Tag Archives: Television

Not Unnoticed: Asians in Pop Culture

I’m a pretty chill guy.  Not critical at all.

No, that’s a lie, I’m pretty darn critical.  That being said, most of the things I like to argue about and criticize are hypothetical, and not something that I feel passionately about.  Usually, it’s because I’m discovering whether I care or not as I discuss – usually by the end of the argument, I care very much.

So it is with the Asian presence in pop culture.

Something is off…

When I first encountered this issue, it was (as it was for a lot of people) upon viewing Indiana Jones and the Temple of Doom.  Short Round was just… offensive.  I was a child, so I couldn’t really put my finger on it.

Then I watched Big Trouble in Little China in elementary school during afternoon day care.  I was surprised when a character in the middle of the movie started fighting everybody with clear, practiced moves, as I had assumed the character to be a helpless bystander.

“He can fight?!”

Brandon, the aide watching my class during afternoon day care, said “He’s Chinese, so in this movie, of course, he knows kung fu.”  Then he and the students around me laughed; his laughter was because the movie was making fun of pop culture by enabling it, and the students’ was because that logic just made sense to them.

I just didn’t get it.  I assumed it was a plothole.

I grew older.  I grew up on Jet Li, Donnie Yen, Yuen Biao – and absolutely anything by Tsui Hark, Corey Yuen, or Yuen Woo-Ping.

I found out that Jackie Chan was going to be in a movie with Jet Li.  It would be called “The Forbidden Kingdom.”  This is the poster:

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It would get a western theatrical release!  How exciting!  Choreographed by Yuen Woo-Ping?!  Yes, yes, yes!

So imagine my surprise when the movie was in English.  Okay.  Interesting, considering almost nobody in the movie speaks it as a first language.  Then I saw the most offensive part.

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Who the flying Funk & Wagnalls is this, you ask?  It’s the star of the movie.

What, was there not enough star power with Jet Li and Jackie Chan?  These are international powerhouses.  The marketing alone shows that they were aware of how Li and Chan would draw people in.

I was reading The Joy Luck Club with my class, and I decided to watch the movie.  I didn’t end up showing it to my class because a lot of the movie has a mother talking to her daughter about her life at home in China – all in a thick, Vietnamese accent.

I got mad about it.  I read Yellowface in college and got mad some more. Then I decided that the world needed to take a chill pill.  It’s not worth being mad about, I thought.  The world will learn, people will see.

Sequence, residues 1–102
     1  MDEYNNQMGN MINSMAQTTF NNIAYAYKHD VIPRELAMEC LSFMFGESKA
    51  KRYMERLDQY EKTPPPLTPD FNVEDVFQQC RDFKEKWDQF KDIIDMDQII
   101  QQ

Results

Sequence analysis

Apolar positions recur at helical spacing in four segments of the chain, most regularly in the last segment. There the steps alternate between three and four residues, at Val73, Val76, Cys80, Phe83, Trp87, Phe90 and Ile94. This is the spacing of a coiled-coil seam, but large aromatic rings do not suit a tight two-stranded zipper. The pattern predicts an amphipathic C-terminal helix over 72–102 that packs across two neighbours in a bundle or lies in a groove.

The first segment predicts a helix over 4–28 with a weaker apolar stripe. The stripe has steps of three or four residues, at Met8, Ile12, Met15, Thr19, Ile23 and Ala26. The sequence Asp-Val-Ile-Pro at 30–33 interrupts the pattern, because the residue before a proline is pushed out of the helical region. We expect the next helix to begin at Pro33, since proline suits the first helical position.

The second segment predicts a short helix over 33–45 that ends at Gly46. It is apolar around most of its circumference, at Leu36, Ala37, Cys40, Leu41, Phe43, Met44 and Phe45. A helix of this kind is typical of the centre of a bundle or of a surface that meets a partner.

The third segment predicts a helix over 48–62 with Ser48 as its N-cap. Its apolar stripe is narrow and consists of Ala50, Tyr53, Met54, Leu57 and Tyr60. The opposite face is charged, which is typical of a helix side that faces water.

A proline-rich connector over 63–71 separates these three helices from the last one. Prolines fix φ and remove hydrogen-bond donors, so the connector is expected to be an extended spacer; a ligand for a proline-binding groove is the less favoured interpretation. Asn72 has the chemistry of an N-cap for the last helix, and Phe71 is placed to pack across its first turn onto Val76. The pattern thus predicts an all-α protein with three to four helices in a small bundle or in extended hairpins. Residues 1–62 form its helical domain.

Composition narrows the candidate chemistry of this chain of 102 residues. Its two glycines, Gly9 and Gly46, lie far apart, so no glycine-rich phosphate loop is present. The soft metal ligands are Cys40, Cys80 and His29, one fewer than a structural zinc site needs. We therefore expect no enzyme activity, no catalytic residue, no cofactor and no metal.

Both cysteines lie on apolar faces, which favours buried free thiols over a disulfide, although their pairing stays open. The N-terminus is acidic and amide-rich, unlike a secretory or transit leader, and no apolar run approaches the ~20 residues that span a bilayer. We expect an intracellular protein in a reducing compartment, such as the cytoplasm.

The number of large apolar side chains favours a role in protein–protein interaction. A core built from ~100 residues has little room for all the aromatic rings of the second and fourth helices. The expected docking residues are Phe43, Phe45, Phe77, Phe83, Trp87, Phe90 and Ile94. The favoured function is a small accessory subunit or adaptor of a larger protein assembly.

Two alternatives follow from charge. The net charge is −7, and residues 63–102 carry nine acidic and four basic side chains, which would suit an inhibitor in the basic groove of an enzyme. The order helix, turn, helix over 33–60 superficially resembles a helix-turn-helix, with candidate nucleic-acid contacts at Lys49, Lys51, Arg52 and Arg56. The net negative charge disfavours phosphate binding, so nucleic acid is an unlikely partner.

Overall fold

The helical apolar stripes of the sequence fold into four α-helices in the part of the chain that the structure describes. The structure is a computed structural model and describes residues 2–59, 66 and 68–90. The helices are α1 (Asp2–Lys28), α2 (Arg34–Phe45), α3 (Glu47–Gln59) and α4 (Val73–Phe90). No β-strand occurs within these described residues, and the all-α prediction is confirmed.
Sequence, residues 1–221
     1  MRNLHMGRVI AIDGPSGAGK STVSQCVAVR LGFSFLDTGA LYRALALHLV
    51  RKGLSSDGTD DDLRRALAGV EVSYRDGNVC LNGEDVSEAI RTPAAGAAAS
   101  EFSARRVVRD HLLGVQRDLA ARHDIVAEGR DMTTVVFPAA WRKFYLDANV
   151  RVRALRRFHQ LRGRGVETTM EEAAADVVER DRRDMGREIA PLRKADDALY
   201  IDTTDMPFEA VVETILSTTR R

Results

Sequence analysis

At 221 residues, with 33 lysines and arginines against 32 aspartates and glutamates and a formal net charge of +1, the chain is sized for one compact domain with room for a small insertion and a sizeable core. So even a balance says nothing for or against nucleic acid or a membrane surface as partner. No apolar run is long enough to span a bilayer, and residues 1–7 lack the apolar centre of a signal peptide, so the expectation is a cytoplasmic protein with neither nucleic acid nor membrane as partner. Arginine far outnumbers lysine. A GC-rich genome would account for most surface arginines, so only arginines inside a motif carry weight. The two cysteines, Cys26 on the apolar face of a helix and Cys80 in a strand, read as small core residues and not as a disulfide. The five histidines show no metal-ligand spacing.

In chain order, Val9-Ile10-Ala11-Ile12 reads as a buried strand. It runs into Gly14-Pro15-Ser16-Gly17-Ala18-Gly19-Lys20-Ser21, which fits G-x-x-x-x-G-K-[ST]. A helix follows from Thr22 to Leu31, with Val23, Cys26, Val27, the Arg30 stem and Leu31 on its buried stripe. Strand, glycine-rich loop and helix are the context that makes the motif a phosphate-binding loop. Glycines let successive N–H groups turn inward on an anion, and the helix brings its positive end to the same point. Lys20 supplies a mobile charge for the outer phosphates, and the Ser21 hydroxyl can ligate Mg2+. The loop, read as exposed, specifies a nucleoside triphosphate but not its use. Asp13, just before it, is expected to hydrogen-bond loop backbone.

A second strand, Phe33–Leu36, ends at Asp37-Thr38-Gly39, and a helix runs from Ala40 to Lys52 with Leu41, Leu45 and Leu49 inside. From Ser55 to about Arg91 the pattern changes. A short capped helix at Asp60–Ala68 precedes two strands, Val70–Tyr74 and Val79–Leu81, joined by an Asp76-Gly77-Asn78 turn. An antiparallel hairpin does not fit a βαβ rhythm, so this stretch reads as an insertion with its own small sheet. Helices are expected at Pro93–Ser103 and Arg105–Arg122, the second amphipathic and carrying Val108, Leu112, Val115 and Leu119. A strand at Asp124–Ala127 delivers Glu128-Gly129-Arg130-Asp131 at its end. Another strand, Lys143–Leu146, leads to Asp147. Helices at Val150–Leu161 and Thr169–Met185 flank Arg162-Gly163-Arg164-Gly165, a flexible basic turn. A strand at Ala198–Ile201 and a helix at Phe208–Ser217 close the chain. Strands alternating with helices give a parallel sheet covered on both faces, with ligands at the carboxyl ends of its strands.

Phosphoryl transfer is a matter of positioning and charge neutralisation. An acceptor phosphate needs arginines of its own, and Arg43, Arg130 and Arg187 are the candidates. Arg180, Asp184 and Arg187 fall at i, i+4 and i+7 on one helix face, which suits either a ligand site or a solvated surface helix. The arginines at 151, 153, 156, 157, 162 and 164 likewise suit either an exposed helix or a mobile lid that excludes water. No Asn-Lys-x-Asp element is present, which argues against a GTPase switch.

Nobody sees.

Warning: the following image may cause intense physical pain to the viewer if they are in any way appreciative of the manga/anime Dragon Ball.

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I can’t even talk about that one without seething for the rest of the day, (no matter who apologized) so I’m going to discuss one that all Americans have a chance of understanding.

Bones is one of those rare shows that both my wife and I enjoy.  In it, a forensic anthropologist named Dr. Temperance “Bones” Brennan works with her FBI partner Seeley Booth to solve crimes by looking at the clues found in murder victims’ human remains.  The show is entertaining because it has action, mystery, romance, and even elements of science fiction (the multi-million dollar Angelatron named for the Bachelor of the Arts grad that can hack into anything and create facial reconstructions from remains – no matter how grotesque of a condition they may be in.  Once, the victim was already cremated.)

I was binge-watching the series with my wife on Netflix today when we got to an episode of Season 10 called “The Lost Love in a Foreign Land.”  In this episode, Bones and Booth discover an underground human trafficking ring in which women were being trafficked out of Yianbian, China.

The murder victim looked pretty Korean to me, but that’s okay, I reasoned.  [Further research explains this, as Yanbian is on the border between Korea and China.  I didn’t know this, but before you start forgiving people, keep reading.]

Then it got insulting.

The Angelatron used facial recognition (or some other garbage tech) and pulled out a list of suspects.  This led them to their suspect, Sung Dae Park.